We’ve been intrigued with a rather prescient thriller entitled Drugs to Forget, from Martin Granger which arrives on 4th of June 2018 from Red Door Publishing. Shots are always intrigued with interesting new thriller fiction, so we were delighted when Martin gave us a little insight at what follows in Drugs to Forget.
You would think that you wouldn’t need any lights when filming in sun soaked Africa. In fact, quite the opposite is true. One can light a windowless room with a candle but when you compete with the sun you need kilowatts of power. This was the situation we found ourselves in when filming a village hospital in the middle of the day. The African electrician shrugged his shoulders. Not enough power from the mains to light our biggest lamps. There are some disadvantages in filming in developing areas but every cloud has a silver lining. The hospital doctor was friends with the local power company. The local power company being Tanaka, an elderly man who looked after the small electrical sub-station on the hill.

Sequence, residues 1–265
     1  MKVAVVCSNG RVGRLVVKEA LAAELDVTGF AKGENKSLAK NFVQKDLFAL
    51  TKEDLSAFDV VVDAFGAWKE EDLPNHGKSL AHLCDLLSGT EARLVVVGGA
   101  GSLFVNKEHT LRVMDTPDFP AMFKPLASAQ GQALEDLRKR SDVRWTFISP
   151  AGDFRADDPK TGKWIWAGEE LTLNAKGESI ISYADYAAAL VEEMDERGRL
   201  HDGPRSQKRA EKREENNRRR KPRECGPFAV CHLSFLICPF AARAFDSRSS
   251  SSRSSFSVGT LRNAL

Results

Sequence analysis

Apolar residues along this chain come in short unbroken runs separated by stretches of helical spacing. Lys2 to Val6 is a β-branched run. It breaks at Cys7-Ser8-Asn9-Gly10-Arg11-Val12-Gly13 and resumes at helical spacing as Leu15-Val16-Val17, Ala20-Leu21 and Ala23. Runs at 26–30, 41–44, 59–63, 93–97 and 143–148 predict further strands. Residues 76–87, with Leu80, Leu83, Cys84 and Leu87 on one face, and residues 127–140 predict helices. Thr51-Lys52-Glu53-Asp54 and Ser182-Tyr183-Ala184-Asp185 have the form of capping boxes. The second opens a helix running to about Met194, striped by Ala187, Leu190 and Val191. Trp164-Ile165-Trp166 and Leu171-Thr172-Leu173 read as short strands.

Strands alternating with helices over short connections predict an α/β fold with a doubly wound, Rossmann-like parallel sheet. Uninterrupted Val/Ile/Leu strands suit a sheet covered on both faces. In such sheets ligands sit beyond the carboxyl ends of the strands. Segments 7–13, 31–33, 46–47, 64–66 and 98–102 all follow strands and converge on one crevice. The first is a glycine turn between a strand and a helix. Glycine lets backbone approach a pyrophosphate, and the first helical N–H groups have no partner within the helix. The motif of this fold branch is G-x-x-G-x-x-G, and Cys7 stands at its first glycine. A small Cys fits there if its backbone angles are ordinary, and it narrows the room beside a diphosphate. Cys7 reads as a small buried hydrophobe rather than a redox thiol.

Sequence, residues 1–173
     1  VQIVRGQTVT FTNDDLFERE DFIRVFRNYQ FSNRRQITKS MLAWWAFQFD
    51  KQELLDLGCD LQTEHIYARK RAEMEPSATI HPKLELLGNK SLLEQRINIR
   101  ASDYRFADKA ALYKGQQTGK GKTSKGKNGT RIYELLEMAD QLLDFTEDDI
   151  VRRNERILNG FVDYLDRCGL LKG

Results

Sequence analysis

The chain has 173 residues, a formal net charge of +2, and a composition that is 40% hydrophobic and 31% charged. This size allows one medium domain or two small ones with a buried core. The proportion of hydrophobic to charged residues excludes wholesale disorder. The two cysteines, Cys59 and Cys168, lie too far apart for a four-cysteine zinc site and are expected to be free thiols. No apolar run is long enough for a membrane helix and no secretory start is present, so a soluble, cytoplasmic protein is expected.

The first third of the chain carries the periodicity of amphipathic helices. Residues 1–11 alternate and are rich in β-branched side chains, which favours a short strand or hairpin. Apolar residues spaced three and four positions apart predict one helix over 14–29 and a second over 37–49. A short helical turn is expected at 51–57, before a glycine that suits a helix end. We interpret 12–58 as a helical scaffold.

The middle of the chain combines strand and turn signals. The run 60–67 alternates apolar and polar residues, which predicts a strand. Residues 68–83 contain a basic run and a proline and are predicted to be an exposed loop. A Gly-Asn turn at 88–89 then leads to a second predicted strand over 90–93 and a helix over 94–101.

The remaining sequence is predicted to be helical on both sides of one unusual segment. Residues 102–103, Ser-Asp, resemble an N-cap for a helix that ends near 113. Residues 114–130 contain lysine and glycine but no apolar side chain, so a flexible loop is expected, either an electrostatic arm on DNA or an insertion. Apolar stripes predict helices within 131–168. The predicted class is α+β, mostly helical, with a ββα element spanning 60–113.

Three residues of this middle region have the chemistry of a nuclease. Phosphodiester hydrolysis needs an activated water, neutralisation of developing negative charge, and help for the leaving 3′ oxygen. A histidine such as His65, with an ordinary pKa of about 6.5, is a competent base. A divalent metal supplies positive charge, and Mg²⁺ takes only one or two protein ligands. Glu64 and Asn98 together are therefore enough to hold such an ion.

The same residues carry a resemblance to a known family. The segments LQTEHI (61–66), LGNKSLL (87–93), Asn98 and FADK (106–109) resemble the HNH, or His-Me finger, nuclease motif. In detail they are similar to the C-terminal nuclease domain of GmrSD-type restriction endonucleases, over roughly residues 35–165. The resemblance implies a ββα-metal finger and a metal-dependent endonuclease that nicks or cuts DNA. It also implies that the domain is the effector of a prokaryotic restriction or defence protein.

‘I’ll wind up the voltage,’ he said, ‘We leave it low so there’s more to go around.’ He looked at his watch, it was lunchtime. ‘I’ll also cycle around the village to tell them all to stop cooking.’
It worked. The wards were lit up and we shot the scenes of the sick lying under the mosquito nets. Little did I know at the time that it would be the cornerstone for my new book Drugs to Forget.
I have spent the last 30 years travelling the world making television documentaries. Each film has presented its own hazards. Threats of violence, travel disasters and disease. All rich material for writing thrillers, and so my fictional production company, Bagatelle Films, takes a similar path. The stories they encounter are remarkably akin to the ones my film crew have experienced, but the underlying narrative is laced with crime. This is dramatic documentary noir.
In Drugs to Forget Bagatelle Films’ director Nathalie Thompson embarks on a pursuit of drugs and disease. The drugs, produced by an entrepreneurial biotech company; the disease, Ebola. Her investigation leads to Africa, Indonesia and eventually turns to shedding light on the matter closer to home. And talking of light, it’s no coincidence that when she begins filming diseased patients in an African hospital, she sends her electrician on a bicycle trip around the village. Why? To tell them to stop cooking their lunch so that she can light her set. Doesn’t sound believable does it?
© 2018 Martin Granger